Synopsis: With aerial footage from fifty-four countries, 'Home' is a depiction of how Earth's problems are all interlinked.
Production: FilmBuff
  2 wins & 1 nomination.
Rotten Tomatoes:
120 min

Listen to me, please.

You're like me, a homo sapiens,

a wise human.


a miracle in the universe,

appeared around 4 billion years ago.

And we humans

only 200,000 years ago.

Yet we have succeeded in disrupting

the balance so essential to life.

Listen carefully to this

extraordinary story, which is yours,

and decide

what you want to do with it.

These are traces of our origins.

At the beginning, our planet

was no more than a chaos of fire,

a cloud

of agglutinated dust particles,

like so many similar clusters

in the universe.

Yet this is where

the miracle of life occurred.

Today, life, our life,

is just a link in a chain

of innumerable living beings

that have succeeded one another

on Earth over nearly 4 billion years.

And even today,

new volcanoes continue

to sculpt our landscapes.

They offer a glimpse of what

our Earth was like at its birth,

molten rock surging from the depths,

solidifying, cracking, blistering

or spreading in a thin crust,

before falling dormant for a time.

These wreathes of smoke

curling from the bowels of the Earth

bear witness

to the Earth's original atmosphere.

An atmosphere devoid of oxygen.

A dense atmosphere,

thick with water vapor,

full of carbon dioxide.

A furnace.

The Earth cooled.

The water vapor condensed

and fell in torrential downpours.

At the right distance from the sun,

not too far, not too near,

the Earth's perfect balance

enabled it to conserve water

in liquid form.

The water cut channels.

They are like the veins of a body,

the branches of a tree,

the vessels of the sap

that the water gave to the Earth.

The rivers tore minerals from rocks,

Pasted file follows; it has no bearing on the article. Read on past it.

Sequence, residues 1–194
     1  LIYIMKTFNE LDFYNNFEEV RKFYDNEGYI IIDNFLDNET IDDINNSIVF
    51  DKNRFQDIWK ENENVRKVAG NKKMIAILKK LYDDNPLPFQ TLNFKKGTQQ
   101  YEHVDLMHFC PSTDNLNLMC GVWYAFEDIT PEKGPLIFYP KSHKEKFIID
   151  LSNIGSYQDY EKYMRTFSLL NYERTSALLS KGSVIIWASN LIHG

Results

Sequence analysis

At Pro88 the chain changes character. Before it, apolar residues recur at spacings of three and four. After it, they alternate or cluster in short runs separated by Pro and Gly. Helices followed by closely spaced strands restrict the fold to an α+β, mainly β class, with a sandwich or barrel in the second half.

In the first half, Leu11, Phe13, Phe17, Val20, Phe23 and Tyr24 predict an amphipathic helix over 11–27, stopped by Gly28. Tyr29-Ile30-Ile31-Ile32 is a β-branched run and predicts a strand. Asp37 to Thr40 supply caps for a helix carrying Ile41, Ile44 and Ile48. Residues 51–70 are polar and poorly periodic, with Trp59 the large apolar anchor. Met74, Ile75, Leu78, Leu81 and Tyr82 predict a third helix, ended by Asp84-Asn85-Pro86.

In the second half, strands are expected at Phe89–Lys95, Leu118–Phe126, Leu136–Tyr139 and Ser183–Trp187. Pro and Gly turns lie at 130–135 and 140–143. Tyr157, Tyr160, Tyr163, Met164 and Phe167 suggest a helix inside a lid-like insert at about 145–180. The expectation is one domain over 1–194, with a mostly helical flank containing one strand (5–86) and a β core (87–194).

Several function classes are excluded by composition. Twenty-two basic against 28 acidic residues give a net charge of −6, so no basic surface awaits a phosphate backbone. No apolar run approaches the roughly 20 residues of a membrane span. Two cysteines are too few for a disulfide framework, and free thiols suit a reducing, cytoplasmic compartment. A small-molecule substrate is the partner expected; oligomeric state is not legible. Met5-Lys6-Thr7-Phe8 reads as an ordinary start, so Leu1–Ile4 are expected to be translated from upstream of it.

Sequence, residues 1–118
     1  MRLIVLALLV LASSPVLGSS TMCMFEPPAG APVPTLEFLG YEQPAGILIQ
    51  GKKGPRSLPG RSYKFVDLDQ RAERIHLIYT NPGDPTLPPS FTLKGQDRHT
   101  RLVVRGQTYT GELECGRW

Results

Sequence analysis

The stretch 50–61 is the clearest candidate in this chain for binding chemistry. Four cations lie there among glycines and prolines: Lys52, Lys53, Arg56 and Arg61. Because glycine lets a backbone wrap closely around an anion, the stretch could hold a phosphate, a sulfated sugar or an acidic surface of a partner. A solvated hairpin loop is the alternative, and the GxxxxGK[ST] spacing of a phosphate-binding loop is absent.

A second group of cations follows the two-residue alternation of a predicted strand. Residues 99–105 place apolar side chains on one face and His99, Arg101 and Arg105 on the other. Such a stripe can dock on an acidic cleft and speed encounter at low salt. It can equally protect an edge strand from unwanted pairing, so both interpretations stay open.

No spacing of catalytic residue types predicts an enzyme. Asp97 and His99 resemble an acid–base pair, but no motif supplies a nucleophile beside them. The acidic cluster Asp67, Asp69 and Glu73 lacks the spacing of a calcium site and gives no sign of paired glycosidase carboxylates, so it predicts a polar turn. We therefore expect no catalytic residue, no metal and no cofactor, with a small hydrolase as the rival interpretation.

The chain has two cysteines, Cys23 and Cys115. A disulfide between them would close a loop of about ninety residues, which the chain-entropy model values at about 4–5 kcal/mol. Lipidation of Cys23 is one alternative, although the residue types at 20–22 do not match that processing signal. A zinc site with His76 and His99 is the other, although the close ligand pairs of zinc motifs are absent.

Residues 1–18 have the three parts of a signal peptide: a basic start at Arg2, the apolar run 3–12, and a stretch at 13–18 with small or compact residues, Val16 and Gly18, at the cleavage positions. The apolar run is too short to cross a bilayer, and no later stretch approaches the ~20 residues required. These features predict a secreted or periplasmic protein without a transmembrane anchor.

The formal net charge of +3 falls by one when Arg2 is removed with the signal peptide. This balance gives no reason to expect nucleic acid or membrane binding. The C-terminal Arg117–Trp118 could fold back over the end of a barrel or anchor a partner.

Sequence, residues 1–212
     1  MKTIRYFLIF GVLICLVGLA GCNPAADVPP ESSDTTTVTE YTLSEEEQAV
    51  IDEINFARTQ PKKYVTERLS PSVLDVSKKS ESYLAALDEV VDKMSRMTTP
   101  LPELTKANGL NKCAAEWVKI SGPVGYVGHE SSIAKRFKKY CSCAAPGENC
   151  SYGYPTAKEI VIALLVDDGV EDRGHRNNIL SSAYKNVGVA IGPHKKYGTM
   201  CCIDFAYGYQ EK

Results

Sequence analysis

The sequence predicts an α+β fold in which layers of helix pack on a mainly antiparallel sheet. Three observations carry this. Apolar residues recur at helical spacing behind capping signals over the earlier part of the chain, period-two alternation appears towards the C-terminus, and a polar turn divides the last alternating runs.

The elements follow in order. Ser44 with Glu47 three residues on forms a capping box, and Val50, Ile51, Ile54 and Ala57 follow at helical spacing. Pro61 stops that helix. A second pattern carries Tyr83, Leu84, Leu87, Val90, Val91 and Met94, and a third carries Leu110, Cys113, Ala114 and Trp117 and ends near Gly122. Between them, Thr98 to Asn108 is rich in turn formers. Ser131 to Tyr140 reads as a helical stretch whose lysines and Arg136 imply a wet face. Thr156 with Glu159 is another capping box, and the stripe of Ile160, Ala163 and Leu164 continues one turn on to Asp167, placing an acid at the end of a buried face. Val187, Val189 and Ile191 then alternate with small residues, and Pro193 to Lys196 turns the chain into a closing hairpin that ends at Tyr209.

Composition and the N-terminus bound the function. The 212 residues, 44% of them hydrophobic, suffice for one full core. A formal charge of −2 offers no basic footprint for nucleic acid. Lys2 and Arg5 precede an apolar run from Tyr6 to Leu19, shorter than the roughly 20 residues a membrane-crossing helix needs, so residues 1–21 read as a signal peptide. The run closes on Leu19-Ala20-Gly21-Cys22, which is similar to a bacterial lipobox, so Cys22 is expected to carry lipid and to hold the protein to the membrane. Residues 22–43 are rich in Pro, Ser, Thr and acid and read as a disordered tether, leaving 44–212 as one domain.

adding them to the oceans' freshwater.

And the oceans became heavy with salt.

Where do we come from?

Where did life

first spark into being?

A miracle of time,

primitive life forms still exist

in the globe's hot springs.

They give them their colors.

They're called archeobacteria.

They all feed off the Earth's heat.

All except the cyanobacteria,

or blue-green algae.

They alone have the capacity

to turn to the sun

to capture its energy.

They are a vital ancestor of all

yesterday's and today's plant species.

These tiny bacteria

and their billions of descendants

changed the destiny of our planet.

They transformed its atmosphere.

What happened to the carbon

that poisoned the atmosphere?

It's still here,

imprisoned in the Earth's crust.

Here, there once was a sea,

inhabited by micro-organisms.

They grew shells by tapping into

the atmosphere's carbon

now dissolved in the ocean.

These strata

are the accumulated shells

of those billions and billions

of micro-organisms.

Thanks to them, the carbon drained

from the atmosphere

and other life forms could develop.

It is life

that altered the atmosphere.

Plant life fed off the sun's energy,

which enabled it to break apart

the water molecule and take the oxygen.

And oxygen filled the air.

The Earth's water cycle

is a process of constant renewal.

Waterfalls, water vapor,

clouds, rain,

springs, rivers,

seas, oceans, glaciers...

The cycle is never broken.

There's always the same quantity

of water on Earth.

All the successive species on Earth

have drunk the same water.

The astonishing matter that is water.

One of the most unstable of all.

It takes a liquid form

as running water,

gaseous as vapor,

or solid as ice.

In Siberia, the frozen surfaces

of the lakes in winter

contain the trace of the forces

that water deploys when it freezes.

Lighter than water, the ice floats.

It forms a protective mantle

against the cold,

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"Home" Scripts.com. STANDS4 LLC, 2020. Web. 20 Sep. 2020. <https://www.scripts.com/script/home_10085>.

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